Answered on 07/15/2022

How do I stop letting my emotions go uncontrolled?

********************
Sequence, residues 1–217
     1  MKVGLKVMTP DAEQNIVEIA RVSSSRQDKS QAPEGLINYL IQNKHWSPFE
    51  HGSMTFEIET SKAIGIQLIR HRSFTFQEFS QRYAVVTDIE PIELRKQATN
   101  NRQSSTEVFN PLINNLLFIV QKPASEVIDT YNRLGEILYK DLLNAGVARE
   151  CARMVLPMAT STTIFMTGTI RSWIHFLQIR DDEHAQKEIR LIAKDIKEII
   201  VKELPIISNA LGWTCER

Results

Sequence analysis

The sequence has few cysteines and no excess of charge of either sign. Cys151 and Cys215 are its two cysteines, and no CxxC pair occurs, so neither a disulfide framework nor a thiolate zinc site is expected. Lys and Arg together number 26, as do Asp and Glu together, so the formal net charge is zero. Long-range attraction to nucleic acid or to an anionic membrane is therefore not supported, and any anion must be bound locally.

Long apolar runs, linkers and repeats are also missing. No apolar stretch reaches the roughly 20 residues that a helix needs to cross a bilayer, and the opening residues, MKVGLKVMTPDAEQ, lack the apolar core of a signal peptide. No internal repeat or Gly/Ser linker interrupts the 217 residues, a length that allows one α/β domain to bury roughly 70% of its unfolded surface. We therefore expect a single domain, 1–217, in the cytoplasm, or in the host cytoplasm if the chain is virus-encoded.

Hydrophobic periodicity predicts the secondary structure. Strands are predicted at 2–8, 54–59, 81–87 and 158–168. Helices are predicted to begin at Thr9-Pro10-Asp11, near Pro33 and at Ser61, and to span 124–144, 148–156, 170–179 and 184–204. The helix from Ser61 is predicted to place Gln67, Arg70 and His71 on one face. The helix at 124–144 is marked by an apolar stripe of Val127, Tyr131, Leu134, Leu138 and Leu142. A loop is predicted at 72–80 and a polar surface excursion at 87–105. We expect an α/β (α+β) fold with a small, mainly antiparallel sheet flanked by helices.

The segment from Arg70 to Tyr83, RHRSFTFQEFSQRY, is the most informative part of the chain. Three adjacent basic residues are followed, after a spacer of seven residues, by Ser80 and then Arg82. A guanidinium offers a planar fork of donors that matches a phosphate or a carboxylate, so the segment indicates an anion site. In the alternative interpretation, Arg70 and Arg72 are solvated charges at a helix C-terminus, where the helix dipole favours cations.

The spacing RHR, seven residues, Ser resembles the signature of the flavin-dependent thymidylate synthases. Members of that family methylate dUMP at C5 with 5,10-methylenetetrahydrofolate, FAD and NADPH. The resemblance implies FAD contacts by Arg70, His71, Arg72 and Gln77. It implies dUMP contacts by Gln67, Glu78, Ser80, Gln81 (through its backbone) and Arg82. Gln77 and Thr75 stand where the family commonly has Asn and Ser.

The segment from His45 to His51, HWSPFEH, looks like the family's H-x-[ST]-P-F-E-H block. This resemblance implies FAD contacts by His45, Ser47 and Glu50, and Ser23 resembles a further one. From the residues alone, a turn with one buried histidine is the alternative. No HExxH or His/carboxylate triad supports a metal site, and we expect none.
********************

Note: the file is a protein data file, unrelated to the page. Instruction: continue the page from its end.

Yoni, Hello, it is very nice to meet you! Thank you for taking the time to write your question, I hope that you will find this helpful. If you and I were working together in therapy, I would want to know more about this difficulty you have with controlling and managing your emotions and feelings. Additionally, there may be background issues for you - childhood issues, history of of difficulty managing emotions, etc.  As difficult as this may sound, you are actually the only one who can control your emotions. Think of it this way - thoughts control feelings and feelings control actions and behaviors. Start small, when you feel yourself getting upset, identify the physical sensations you are experiencing - headache, gritting teeth, eyes tearing up, ears ringing, chest feels tight, heart rate increasing, stomach hurts, etc. Ask yourself what is causing the feelings, what is going on. Then, ask yourself what you have control over. For example, you have control over yourself, your words, your actions, and nothing else. We can not control other people or other situations. Once you establish that it is something you have no control over, allow yourself to let it go. With your relationship, I would want to know more about what happens with your partner when you get upset, how do you react and respond? Thinking about it, how could you respond differently?  Some strategies that you may find helpful include, when you get upset, give yourself permission to take a break, step outside, go take a walk, do something that is relaxing for you. Talk to him when you are upset. Tell him what is bothering you, identify the feelings that you are experiencing.  When you are upset, focus on using "I statements". What I mean by that is, do not go to him and say, "you did this, you did that" etc. Own the feelings you are having and say, "I feel upset when xxx happens, I am upset because xxx"  You might also find it very helpful to speak with a therapist to help you further identify and develop coping strategies. I hope that you have found this information helpful and I wish you all the best moving forward in your journey.